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i.e., The Weighing Scale Of Hearts

Father Matta El-Meskeen (Matthew the Poor)




OD OFFERED US THE GRACE of calling and accepting us in the sacred wilderness i.e. the wilderness of ‘Sheheet’, in other words the wilderness of the weighing scale of hearts. With its name the Holy Spirit draws our hearts to this designation’s implication concerning our life together in this holy wilderness, and offering our lives to God the Weigher of hearts and souls.

The origin of this designation, mentioned in the book of ‘Coptic Monasticism’ is found in the Biography of Saint Macarius pages 208, 209. The meaning stemmed from the time when Saint Macarius first arrived in this wilderness, slept on top of the cherubim hill, and the blessed saint of the cherubim appeared to him. When the saint started to fall asleep on this hill, he felt the cherubim’s hand palpate his heart as if wanting to weigh it. Saint Macarius said to him: What is it? The cherubim answered: “I am measuring and weighing your heart aisi mpekh/t.” Saint Macarius then said to him: “What does it mean?” The cherubim answered: “As I have acted within your heart thus will be named this mountain, but Christ will demand the fruit.”

Now, my loved ones, I mentioned this narrative as an introduction to the main subject that is: in this wilderness our hearts, consciences, and deeds will be weighed by God’s spiritual weighing scale. This article is an important part of the previous one in which was mentioned: “Do not be deceived! Fornicators, idolaters, adulterers, male prostitutes, sodomites, thieves, the greedy, drunkards, revilers, robbers—none of these will inherit the kingdom of God” (1 Cor 6:9, 10 NRSV).[1]

But all these different kinds of sins are not weighed with God’s sensitive scales, but all the thoughts and hearts’ intentions that the devil stirs up in the mind stirring later the heart, our yielding to these thoughts, and the heart’s reaction to them, that immediately makes them counted as sins duly fulfilled, as Christ’s depiction: “everyone who looks at a woman with lust has already committed adultery with her in his heart” (Matt 5:28). The sin of adultery was counted here as if it had been consummated, while it was only in the realm of the mind and heart.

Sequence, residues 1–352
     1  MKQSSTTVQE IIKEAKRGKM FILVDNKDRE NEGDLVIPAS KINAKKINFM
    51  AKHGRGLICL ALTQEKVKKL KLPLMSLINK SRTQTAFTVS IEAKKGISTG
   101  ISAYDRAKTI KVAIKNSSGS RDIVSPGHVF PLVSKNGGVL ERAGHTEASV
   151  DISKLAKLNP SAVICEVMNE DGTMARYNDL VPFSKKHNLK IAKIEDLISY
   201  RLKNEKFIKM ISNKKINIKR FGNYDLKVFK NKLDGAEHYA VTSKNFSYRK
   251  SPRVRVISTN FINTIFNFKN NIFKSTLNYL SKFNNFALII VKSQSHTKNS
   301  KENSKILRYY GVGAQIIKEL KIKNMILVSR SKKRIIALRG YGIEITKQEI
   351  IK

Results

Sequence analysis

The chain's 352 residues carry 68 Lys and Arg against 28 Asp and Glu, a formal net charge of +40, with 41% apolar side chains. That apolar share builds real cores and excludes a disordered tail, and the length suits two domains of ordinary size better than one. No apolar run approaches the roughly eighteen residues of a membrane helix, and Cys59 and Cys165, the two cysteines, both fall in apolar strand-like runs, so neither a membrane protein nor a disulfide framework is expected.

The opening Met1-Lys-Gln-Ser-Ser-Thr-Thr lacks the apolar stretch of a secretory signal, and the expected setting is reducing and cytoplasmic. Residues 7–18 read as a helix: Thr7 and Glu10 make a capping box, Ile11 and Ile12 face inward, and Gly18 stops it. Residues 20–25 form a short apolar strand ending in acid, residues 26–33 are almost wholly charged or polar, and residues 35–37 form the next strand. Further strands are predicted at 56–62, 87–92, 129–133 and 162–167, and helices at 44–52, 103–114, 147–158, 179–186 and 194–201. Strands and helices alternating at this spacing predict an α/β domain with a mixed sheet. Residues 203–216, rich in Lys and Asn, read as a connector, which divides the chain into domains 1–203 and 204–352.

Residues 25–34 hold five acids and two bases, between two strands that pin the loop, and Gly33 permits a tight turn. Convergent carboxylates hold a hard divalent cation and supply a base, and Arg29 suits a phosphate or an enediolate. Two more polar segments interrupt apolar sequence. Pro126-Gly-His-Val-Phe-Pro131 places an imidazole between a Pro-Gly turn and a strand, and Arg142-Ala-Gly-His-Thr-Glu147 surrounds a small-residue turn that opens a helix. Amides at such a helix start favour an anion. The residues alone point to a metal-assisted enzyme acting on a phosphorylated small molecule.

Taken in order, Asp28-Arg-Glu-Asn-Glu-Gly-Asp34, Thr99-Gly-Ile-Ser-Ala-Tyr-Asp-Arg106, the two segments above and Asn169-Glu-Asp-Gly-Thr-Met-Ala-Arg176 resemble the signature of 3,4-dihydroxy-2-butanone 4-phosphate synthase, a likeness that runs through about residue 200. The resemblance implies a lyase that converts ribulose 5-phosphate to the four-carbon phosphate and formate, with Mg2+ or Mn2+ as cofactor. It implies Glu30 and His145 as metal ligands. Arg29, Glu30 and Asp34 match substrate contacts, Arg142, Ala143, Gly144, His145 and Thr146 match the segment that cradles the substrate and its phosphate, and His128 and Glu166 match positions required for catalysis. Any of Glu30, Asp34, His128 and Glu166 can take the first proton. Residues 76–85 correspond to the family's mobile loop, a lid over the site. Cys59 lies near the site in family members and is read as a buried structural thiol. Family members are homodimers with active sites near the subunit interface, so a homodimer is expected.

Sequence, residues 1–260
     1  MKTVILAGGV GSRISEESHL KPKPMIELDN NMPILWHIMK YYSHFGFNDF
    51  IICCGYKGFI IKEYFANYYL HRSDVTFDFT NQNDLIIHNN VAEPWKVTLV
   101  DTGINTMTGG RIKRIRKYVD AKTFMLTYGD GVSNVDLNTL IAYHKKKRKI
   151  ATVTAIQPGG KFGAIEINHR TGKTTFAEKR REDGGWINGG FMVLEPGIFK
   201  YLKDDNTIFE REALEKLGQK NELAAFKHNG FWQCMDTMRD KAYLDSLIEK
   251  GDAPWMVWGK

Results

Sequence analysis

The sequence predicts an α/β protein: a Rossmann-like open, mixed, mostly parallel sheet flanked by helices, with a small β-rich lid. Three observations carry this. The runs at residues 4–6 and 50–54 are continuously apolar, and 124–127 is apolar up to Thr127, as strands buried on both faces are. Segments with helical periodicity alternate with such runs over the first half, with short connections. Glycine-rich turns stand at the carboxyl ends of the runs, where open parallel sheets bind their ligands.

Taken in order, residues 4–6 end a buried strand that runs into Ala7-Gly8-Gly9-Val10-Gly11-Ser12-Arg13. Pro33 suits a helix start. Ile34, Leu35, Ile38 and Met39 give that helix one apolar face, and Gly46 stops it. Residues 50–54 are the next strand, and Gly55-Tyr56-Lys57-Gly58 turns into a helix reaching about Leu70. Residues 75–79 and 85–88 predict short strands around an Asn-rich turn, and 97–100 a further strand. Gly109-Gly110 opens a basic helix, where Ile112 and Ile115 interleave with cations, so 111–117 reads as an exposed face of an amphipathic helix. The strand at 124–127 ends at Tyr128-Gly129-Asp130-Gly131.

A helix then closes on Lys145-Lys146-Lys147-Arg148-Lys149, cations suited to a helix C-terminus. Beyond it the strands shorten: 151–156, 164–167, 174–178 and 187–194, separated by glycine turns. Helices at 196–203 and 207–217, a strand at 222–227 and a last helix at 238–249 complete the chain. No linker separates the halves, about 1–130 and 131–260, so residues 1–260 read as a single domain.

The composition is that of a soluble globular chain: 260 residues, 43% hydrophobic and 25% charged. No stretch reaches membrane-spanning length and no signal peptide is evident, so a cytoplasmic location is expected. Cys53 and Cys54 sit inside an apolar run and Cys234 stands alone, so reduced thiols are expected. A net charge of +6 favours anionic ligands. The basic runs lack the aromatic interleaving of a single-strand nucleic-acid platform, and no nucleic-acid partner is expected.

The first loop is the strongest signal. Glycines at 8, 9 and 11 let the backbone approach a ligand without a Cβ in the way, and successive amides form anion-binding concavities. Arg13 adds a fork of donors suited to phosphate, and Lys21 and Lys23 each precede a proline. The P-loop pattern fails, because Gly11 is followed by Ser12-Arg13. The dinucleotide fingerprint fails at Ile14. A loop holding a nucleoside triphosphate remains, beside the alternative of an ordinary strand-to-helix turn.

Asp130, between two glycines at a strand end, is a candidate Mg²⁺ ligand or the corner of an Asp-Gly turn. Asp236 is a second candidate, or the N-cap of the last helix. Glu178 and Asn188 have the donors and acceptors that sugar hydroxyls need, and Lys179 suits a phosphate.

Thus sins begin with the senses and thoughts, consequently stirring the heart, to become counted as sins.[2]

Here I will begin to explain the meaning of “the weighing scale of hearts”, which is our work in this sacred wilderness. The devil instigates the wicked thoughts specific to every type of sin mentioned by St Paul, who said that those who committed them would not witness the Kingdom of God.

Now, according to the weighing scale of hearts, mere thoughts if alive in the mind, with the mind at ease with them for barely a second, the heart responding, stirred in reaction to them; immediately become counted as if they had been fulfilled in the heart without the action of the flesh. This is the danger of the ascetic life, the proof of piety, and the sincerity of a sacred living with the Father, Christ, and the Holy Spirit.

For it is impossible for a monk to be counted a true ascetic, or considered a pious monk, or a truthful believer in a life of communion with God the Father and His Son Jesus Christ, led by the Holy Spirit, while leading a life receptive to, and engaged in evil thoughts whether those of impurity, anger, envy, hatred or slander, carnal appetites, money, food or anything else of the heart’s desires be it only for a moment, then finding an approving response[3] in his members, immediately moved by the impure thoughts, the heart stirred in response, although for a moment, to the thought. The impulse of an undisciplined thought, and of the heart affected by the thought reacting to it, is counted an actual response, and a sin that has been completed, entering into the sphere of judgment and eternal denial of the pure, ascetic and pious worshippers’ share, who are living the life of communion through the Spirit rejoicing in the grace of God, with the Kingdom open to them, an opportunity and eternal share in a feast beyond words.[4]

What should be done?